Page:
Xóchitl Gálvez requested that the countries that do not have indigenous populations support the Declaration, although her message was aimed at countries with indigenous populations who are unsure whether to support it, as this could mean the loss of hope, and of legal and institutional means to recognise and respect their rights. As an example, she said that the armed movement in Mexico should be an experience for other countries, because since Mexicos recognition of self-determination, no indigenous peoples have sought to splinter off. Finally, she stated that the Declaration will be very encouraging for indigenous peoples and will improve the relationship with national States. It is not a binding document, but each State will have to make its own internal reading and adapt its legislation.

In turn, Mrs Astrid Helle Ajamay, Advising Minister of Norways Permanent Mission at International Organisations, based in Geneva, pointed out that the Declaration is the result of a long process of formal and informal consultations in which many compromises were reached in order to solve problems. The Declaration is therefore the best compromise that could realistically be reached. It was a unique process and negotiation at the UN. Although consensus was not reached, this is not unknown in the human rights context. She stated that the Declaration will serve as an understanding and worthy framework to improve relations with indigenous peoples. One of the key aspects, she highlighted, is self-determination and she gave the example of the Saami. She pointed out that self-determination must be understood as a way of promoting indigenous peoples participation in a democratic society. At the same time, she said that self-determination must be practiced according to international law. Finally, she concluded that the Declarations adoption is a commitment with human rights and, for this reason, Norway will adopt it. It may be said that Norway does not have indigenous peoples, but it is also not a State in which there are forced disappearances and they will nonetheless also vote in favour of this instrument.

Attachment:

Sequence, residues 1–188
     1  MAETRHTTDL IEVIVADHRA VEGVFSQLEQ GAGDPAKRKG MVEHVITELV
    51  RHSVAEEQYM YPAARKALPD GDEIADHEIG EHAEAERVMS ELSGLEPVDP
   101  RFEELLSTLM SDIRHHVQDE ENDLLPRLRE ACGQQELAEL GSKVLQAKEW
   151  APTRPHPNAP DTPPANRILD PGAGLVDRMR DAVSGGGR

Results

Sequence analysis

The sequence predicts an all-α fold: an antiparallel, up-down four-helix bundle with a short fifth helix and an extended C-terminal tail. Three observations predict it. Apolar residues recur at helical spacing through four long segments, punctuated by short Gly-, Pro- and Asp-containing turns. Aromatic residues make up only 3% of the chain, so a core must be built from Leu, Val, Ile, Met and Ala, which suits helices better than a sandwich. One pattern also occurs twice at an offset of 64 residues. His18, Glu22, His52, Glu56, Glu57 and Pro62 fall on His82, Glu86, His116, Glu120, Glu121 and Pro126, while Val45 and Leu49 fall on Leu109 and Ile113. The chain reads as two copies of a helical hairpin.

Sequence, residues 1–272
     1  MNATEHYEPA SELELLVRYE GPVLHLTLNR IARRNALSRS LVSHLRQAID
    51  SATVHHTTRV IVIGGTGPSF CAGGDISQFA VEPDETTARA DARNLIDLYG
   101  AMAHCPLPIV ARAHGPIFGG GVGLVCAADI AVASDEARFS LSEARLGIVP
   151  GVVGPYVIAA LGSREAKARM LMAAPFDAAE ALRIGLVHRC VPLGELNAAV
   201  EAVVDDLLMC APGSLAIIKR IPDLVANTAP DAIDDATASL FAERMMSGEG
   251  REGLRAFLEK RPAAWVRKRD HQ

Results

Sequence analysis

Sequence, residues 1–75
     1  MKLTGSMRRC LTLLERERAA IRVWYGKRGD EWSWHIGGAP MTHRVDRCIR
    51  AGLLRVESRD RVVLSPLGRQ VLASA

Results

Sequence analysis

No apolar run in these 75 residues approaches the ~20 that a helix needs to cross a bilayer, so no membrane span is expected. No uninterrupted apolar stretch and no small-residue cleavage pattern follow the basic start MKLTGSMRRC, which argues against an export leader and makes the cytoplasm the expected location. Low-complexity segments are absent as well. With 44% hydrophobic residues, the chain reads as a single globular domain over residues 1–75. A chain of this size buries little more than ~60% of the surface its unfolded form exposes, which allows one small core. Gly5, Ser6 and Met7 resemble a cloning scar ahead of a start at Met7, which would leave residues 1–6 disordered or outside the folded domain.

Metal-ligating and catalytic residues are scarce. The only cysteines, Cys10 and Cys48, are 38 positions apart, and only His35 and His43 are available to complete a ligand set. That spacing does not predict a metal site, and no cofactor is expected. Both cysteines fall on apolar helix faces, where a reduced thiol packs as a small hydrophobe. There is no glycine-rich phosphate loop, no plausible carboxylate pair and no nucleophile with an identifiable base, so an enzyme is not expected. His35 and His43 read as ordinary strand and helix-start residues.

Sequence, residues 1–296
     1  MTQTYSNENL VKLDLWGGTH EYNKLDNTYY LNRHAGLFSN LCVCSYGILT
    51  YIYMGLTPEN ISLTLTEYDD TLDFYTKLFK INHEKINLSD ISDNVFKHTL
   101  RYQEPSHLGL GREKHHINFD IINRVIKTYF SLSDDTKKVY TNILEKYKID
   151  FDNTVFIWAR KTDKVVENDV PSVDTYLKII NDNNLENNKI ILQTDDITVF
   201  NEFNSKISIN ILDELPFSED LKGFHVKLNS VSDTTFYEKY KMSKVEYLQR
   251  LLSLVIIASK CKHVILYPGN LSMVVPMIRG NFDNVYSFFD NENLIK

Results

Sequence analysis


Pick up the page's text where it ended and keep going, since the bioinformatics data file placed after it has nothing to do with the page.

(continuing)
Finally, there was an intervention by Mr. Craig Mokhiber, the Official in charge of the High Commissioner for Human Rights Office, based in New York. Craig Mokhiber said he was moved by the instruments adoption and recalled how necessary it has been since 1989, when the negotiations for ILO Convention 169 were coming to an end in Geneva. It is therefore a historic achievement and development; an excellent tool for those who work on human rights.

for more information
on the Declaration

Permanent Forum on
Indigenous Issues

Office of the High Commissioner
for Human Rights

Documentation Centre
for Indigenous Peoples

Tebtebba Foundation

International Indian Treaty Council

American Indian Law Alliance

International Work Group
for Indigenous Affairs

Rights and Democracy

Amnesty International, Canada

University of Minnesota
Human Rights Library

(Download Kit)

Letter to States by
Special Rapporteur & Chair of PFII

Letter to States by
Indigenous Peoples Caucus

Letter to States by
Ambassadors to UN

Ten Key Points

Declaration (download)

How States voted in the
Human Rights Council